In the United Kingdom, the national air-traffic control system is run by a company, NATS, in a public-private partnership with the Civil Aviation Authority, England’s version of the FAA.
And tomorrow, the former CEO of NATS, Richard Deakin, will announce that he’s moving to work for AirMap, a California-based drone-mapping startup.
AirMap tells air-traffic controllers and drone operators where low-altitude aircraft are flying so they can adhere to local regulations and report flight plans.
The technology could be crucial to making drones more commercially viable. Its platform allows drone operators to fly their aircraft outside of their line of sight by allowing them to avoid other drones and low-flying airplanes, as well as airports where drones are not allowed.
AirMap’s technology is used in about 80 percent of commercial and consumer drones worldwide today, including drones from DJI, Intel and others, as well as nearly every major airport in the U.S.
Deakin’s tenure with NATS ended in controversy. He resigned last year following a major failure at a national control center that kept flights across the U.K. grounded for hours. That calls into question his political capital, and whether he’ll be able to help AirMap influence the outcome of the U.K.’s forthcoming regulations around drones.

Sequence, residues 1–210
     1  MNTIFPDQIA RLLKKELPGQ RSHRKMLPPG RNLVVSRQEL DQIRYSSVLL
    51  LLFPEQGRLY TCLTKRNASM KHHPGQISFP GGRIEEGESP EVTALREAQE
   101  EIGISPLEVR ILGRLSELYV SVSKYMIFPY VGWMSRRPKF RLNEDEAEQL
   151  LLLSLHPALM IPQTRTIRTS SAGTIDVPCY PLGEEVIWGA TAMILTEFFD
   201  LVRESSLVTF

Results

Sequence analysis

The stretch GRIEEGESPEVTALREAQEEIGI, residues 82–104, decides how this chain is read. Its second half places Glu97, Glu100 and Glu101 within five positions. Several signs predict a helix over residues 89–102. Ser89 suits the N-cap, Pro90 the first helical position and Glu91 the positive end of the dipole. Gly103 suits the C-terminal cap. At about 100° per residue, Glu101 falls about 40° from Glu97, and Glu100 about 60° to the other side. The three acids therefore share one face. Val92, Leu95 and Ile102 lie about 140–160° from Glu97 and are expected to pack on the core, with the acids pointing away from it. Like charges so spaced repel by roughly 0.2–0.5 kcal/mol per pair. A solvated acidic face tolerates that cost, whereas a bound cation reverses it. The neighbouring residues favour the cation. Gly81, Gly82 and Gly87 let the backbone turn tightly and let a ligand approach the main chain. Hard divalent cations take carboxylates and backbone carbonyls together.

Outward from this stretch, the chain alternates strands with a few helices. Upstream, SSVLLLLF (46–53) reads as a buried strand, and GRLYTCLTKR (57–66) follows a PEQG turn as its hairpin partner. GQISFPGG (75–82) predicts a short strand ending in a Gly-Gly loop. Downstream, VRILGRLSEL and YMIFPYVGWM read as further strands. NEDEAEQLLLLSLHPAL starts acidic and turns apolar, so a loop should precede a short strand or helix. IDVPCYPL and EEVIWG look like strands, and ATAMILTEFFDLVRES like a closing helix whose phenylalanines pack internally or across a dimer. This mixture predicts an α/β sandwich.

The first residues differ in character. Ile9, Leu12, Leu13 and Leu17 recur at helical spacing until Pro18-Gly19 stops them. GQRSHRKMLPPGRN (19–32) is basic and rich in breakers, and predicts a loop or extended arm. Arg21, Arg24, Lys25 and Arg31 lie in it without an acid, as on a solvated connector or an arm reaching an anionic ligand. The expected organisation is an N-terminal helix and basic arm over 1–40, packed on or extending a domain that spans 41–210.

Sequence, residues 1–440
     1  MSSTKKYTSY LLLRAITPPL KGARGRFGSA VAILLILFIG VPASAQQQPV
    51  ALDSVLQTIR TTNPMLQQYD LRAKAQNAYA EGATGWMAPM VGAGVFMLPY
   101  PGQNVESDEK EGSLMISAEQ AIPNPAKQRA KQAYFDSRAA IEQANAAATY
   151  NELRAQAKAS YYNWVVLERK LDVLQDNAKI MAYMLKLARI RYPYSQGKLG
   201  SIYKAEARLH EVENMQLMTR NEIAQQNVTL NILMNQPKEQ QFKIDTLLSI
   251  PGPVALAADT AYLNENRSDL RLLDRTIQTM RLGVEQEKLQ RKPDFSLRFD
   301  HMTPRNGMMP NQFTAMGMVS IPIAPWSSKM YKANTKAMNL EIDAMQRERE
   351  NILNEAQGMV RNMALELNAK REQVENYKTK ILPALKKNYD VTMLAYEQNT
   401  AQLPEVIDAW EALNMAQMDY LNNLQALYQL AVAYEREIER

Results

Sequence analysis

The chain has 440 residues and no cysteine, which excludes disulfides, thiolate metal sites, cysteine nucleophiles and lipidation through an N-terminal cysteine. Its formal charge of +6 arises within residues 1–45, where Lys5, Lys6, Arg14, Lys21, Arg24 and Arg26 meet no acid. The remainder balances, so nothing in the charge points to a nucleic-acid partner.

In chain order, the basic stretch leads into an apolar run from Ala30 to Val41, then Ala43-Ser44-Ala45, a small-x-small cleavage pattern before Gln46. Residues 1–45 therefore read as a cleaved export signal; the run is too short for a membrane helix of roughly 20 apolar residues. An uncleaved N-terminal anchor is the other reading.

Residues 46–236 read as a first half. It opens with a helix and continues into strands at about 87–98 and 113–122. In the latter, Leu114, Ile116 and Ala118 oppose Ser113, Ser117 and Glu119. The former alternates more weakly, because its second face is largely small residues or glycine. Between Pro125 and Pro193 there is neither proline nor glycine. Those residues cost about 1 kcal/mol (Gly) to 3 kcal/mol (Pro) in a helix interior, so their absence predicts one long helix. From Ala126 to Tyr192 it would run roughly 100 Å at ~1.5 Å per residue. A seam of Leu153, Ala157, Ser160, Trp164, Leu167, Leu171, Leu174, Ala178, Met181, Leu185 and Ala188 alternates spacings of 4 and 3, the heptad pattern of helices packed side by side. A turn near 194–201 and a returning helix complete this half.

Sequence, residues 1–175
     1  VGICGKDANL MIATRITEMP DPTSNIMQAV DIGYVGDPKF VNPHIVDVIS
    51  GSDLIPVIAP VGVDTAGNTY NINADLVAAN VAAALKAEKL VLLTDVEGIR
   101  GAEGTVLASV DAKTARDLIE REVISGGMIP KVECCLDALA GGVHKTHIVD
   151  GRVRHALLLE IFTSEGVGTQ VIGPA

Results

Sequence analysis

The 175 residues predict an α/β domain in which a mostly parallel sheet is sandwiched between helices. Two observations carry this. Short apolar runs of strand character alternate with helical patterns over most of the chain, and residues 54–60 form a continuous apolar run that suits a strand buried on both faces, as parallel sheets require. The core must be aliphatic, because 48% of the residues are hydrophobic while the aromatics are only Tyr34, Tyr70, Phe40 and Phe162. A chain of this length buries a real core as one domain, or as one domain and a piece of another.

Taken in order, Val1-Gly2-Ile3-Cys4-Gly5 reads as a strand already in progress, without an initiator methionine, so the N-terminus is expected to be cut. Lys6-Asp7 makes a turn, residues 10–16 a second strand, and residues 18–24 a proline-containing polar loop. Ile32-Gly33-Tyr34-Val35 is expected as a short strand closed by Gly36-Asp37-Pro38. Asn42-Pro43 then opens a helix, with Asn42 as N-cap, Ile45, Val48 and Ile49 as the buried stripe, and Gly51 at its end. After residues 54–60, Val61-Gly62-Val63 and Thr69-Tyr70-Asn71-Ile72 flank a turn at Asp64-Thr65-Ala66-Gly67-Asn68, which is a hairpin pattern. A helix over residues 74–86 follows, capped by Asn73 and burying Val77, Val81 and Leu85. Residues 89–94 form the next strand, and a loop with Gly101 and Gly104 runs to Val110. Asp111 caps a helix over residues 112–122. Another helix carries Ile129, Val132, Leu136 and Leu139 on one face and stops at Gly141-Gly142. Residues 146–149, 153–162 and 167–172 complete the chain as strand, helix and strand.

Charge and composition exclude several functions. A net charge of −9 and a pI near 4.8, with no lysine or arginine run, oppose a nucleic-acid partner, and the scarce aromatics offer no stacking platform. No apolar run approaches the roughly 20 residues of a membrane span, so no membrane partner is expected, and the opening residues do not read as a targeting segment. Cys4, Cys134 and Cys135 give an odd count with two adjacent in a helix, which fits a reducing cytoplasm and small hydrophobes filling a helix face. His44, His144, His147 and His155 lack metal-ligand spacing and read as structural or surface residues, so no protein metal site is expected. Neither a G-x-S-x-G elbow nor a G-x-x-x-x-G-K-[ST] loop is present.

Prior to his new job at AirMap, Deakin was on the company’s advisory board, but his connections with British regulatory authorities didn’t steer AirMap into a collaborative role with the government agency in the same way that other members of the company’s personnel have advised the FAA.
One of AirMap’s founders, Greg McNeal, sat on the FAA’s drone registration advisory committee. And William Ayer, another member of AirMap’s advisory committee, was the most recent past chair on the FAA’s NextGen Advisory Committee.
The E.U. assembled a task force to assess drone-airplane collision risk earlier this summer, and the U.K. is working with Amazon’s drone-testing division to gather data to inform its forthcoming commercial drone rules.
In order to ensure that drones don’t crash into buildings, crash into other aircraft or violate laws, vehicles and operators need to exchange data and receive real-time information about where there’s an airport, a prison or a fire where drones are prohibited.
It’s a problem that regulators will need to solve before drone delivery becomes a reality.
Drone operators in the U.K. are only currently required to “keep away” from airports and congested areas, with no specific rules defining how much distance to maintain.
This article originally appeared on Recode.net.